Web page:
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Tesla

NHTSA Investigating Tesla Autopilot System After Series of Crashes

Following a series of crashes involving Tesla cars colliding with fire trucks and emergency vehicles, the National Highway Traffic Safety Administration (NHTSA) has ordered the automaker to hand over data about its Autopilot driver-assistance system.

In a letter released earlier this year, NHTSA told Tesla to produce documentation regarding:

  1. How its Autopilot system works.
  2. How Tesla ensures drivers pay attention to the road.
  3. Whether there are limits to when Autopilot can be turned on.
  4. Records of vehicle sales, complaints involving Autopilot, and litigation involving Autopilot crashes.

The request comes as regulators continue to investigate a number of crashes involving Tesla vehicles that failed to detect stopped emergency vehicles with flashing lights and other barriers, including at least eight crashes that resulted in 10 deaths. Tesla has until October 22, 2021 to produce the information and faces fines up to $115 million if it fails to comply.

While the investigation is ongoing, it serves as an important reminder to Tesla owners that autopilot systems do not excuse them from their obligations to pay attention to the road and safely operate their vehicles.

Autopilot & Personal Injury Lawsuits

Though Tesla and other automakers are quickly pushing vehicles with sophisticated self-driving software onto public roads, autonomous vehicle technology is still in its infancy.

According to NHTSA, vehicles with fully automated driving systems (ADS) capable of handling the whole task of driving will one day become a reality. Currently, however, most vehicles with purported “self-driving” technology use advanced systems to assist drivers only with certain tasks. Examples include technology that:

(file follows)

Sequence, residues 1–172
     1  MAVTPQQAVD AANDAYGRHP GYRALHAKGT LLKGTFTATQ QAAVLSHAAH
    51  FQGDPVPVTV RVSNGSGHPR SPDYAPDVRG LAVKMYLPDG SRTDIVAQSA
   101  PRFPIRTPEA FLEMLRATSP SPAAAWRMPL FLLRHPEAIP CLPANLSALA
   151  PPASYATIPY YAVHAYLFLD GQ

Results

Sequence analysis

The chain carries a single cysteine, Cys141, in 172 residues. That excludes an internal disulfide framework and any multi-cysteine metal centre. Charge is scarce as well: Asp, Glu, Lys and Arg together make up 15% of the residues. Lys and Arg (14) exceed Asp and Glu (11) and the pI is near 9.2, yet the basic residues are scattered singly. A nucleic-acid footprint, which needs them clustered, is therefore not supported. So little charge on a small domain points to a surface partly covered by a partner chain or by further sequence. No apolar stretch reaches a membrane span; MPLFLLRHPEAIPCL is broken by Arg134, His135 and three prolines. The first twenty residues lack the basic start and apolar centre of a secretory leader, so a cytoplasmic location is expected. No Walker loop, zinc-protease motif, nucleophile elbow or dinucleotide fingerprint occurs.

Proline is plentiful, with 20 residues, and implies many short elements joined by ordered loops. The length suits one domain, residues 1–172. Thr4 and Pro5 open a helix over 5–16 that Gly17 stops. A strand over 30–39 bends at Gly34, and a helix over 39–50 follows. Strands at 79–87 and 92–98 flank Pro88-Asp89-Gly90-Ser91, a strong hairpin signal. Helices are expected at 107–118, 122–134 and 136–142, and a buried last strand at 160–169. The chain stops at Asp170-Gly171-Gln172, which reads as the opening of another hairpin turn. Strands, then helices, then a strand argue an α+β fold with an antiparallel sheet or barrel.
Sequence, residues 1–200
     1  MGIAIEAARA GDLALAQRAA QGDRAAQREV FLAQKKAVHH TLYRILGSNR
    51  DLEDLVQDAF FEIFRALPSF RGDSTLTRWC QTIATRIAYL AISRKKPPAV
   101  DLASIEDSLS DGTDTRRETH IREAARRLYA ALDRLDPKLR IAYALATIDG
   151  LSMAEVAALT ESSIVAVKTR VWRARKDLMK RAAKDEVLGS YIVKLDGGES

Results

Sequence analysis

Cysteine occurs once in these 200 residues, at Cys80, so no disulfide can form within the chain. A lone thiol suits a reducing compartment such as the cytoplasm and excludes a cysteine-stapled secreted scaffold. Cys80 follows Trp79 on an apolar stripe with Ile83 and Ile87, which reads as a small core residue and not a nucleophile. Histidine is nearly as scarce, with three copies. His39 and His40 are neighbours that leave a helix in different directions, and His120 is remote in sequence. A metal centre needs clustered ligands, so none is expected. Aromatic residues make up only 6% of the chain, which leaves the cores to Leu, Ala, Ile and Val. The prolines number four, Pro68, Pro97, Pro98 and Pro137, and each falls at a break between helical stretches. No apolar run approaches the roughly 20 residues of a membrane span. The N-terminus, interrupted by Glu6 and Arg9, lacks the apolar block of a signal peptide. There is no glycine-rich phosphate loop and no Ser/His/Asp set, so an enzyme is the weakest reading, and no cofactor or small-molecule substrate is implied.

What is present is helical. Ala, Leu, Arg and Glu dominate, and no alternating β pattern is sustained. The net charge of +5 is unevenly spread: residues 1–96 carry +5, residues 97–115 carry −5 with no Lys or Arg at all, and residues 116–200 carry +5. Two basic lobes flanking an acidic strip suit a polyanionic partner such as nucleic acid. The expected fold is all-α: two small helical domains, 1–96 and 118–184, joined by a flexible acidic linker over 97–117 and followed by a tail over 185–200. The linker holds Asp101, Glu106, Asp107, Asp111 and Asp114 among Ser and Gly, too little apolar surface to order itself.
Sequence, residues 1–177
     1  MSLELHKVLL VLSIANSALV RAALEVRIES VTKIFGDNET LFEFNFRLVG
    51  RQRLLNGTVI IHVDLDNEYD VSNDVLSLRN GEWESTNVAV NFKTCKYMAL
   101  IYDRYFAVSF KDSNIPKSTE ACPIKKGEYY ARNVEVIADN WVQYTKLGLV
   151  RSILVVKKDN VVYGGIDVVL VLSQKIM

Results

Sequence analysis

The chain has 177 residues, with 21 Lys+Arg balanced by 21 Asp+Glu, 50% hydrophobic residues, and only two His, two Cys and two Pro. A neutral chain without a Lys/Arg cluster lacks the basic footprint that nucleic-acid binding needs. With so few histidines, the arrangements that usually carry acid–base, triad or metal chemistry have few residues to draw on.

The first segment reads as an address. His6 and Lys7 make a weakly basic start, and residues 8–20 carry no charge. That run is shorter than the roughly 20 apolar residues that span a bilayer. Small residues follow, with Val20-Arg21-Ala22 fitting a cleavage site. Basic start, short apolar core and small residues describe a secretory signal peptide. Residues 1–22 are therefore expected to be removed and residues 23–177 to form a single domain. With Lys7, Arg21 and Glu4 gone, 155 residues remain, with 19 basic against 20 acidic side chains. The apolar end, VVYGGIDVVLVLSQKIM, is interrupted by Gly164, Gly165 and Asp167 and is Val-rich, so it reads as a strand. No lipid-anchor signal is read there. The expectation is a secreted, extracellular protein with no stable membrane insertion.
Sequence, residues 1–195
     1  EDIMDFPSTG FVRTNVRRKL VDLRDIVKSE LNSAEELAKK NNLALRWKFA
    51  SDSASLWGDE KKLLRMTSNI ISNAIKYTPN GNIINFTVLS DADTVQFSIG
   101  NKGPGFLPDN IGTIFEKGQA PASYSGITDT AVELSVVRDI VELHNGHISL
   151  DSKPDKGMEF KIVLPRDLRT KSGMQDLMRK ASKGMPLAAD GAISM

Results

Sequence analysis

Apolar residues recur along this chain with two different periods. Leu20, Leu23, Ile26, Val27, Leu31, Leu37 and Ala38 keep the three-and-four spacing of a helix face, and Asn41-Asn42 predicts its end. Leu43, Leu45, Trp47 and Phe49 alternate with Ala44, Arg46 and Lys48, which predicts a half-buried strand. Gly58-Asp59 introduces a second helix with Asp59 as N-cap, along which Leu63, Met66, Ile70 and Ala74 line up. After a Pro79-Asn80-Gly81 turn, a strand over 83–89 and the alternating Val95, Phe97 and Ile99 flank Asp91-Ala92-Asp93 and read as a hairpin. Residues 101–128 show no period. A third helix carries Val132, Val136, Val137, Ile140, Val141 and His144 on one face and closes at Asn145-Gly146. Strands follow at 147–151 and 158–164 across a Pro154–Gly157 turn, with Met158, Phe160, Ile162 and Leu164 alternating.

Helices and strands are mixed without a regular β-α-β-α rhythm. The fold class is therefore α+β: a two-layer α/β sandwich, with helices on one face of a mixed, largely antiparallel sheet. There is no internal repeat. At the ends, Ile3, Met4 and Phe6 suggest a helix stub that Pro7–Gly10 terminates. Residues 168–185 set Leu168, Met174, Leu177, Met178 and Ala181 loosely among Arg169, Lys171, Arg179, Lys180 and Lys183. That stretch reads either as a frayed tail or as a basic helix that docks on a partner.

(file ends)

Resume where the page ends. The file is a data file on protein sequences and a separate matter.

• Helps drivers avoid lane drifting and unsafe lane changes.
  • Warns drivers of vehicles or objects when backing up.
  • Assists drivers in braking automatically when vehicles ahead stop or slow.

NHTSA notes that no vehicle currently available for sale is truly “self-driving.” Every vehicle in the U.S., the agency states, still “requires the full attention of the driver at all times for safe operation.”

For victims who are injured in collisions involving vehicles with “self-driving” or driver-assist technology, this means that there are still grounds to pursue claims against drivers who failed to safely operate their vehicles, especially if it can be shown that drivers were distracted, intoxicated, or otherwise negligent.

In some cases, accident victims and families of those who died in fatal crashes, may have grounds to pursue personal injury or wrongful death actions against automakers who produce vehicles with faulty technology. In cases involving Tesla autopilot crashes, for example, these claims typically allege a lack of effective safeguards to ensure drivers keep their eyes on the road and hands on the wheel while using the system, as well as failures to implement limits on the use of self-driving technology in certain areas, such as local roads. As with any car accident case, determining who can be held liable for damages is a task that demands meticulous investigation.

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